I spent 3 amazing days at eRum conference in Budapest. The conference was a blast and organizers (BIG thanks to them again) did wonderful job compiling such a high-level event.
My favourite talks from the conference
Better than Deep Learning – Gradient Boosting Machines (GBM) in R – Szilard Pafka
Szilard made a thorough overview of currently available ML algorithms. Showed that ML algorithm works better on tabular data than Deep Learning. Gave his advice on which packages to choose depending on your goals like maximizing speed on GPU/CPU or going to production.
My take away from his talk: you should choose algorithm based on the problem you have and take into account outside constraints like interpretability. Choosing model is one thing, but a lot of prediction improvement can come from feature engineering, so domain knowledge and problem understanding matters a lot.
Thanks to Erin LeDell’s talk we know that majority of ML tasks can be automated thanks to their awesome autoML framework.
Harness the R condition system – Lionel Henry
Lionel talked about improving errors in R. Currently R offers errors handling solely through
tryCatch function. From the presentation we learn that errors are regular objects. This makes it possible for a user to provide a custom classes and error metadata, which makes it much easier to implement handling and reporting. Some of the ideas he shared will be available through the new release of
Show my your model 2.0! – Przemysław Biecek
Przemek together with Mateusz gave both a workshop and a talk about the
Dalex package which is an impressive toolkit for understanding machine learning model.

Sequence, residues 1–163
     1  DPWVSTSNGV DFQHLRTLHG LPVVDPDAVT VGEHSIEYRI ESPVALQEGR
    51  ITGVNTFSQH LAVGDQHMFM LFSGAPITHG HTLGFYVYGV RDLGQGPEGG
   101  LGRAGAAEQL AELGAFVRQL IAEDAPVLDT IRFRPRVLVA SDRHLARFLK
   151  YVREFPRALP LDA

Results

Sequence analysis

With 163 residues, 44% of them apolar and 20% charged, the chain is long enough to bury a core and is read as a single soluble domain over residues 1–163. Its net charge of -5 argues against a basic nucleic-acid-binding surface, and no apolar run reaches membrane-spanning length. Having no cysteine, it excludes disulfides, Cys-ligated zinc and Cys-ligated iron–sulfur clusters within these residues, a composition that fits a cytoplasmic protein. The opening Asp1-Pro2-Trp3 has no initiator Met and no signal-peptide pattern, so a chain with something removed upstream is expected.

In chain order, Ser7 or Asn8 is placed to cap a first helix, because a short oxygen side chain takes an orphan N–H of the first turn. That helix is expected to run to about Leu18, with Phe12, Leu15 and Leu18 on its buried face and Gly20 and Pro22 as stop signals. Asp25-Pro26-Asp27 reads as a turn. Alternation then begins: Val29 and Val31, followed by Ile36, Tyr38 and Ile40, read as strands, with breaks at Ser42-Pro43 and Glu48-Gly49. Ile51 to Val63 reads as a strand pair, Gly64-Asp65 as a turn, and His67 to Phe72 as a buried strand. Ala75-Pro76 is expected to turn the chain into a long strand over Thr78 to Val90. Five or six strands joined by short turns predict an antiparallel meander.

Dalex is being developed by talented group of Przemek’s students in Poland. Thanks to Dalex you can do single variable explanations for more than one model at the same time. It’s also easier to understand how the single variable is influencing the prediction.
You may wonder why should you use
Dalex if you are already familiar with
Lime and the answer is: Dalex offers many methods for variable inspection (
lime has one) and comparison of many methods using selected method.
The cherry on the cake was R-Ladies Budapest event where we could here 6 amazing presentations. Some of the R-Ladies were giving the second talk during those 3 days. One of them was Omayma Said talking about her Shiny app “Stringr Explorer: Tweet Driven Development for a Shiny App!”. It’s a really cool app that helps you navigate the
stringr package, plus Omayma story how it was created was entertaining and admirable.
Other conference perks
It’s always pleasure to meet in person people from R community and fellow R-Ladies.
Great things about events like this is that there is always something extra you learn:
recipes package is a neat way to do data pre-processing for you model, thanks to Barbara now I know about 2 useful parameters ignoreInit and once in
observEevent function and Tobias explained when would I want to choose R vs. Python when doing Deep Learning – If you just need Keras go for R, everything you can do in Python is available in R!
Making Shiny shine brighter!
Finally I had a pleasure to give an invited talk about new Shiny packages: “Taking inspirations from proven frontend frameworks to add to Shiny with
4 6 new packages”. You can access the slides here and watch the video or YouTube. It was really valuable and motivating to get feedback on our open source packages. I’m proud that I’m part of such a great team!
If you like the idea of
shiny.admin and would like to know when the packages are released, you can visit packages landing page or keep following our blog.
I hope the idea of eRum will continue and others would pick it up, so we can all meet in 2 years time!
I’m already jealous of all the lucky people going to useR this year. I sadly won’t be there, but Marek will and let me reveal a little secret: he will have shiny.semantic and semantic.dashboard cheat sheets and stickers to give away!
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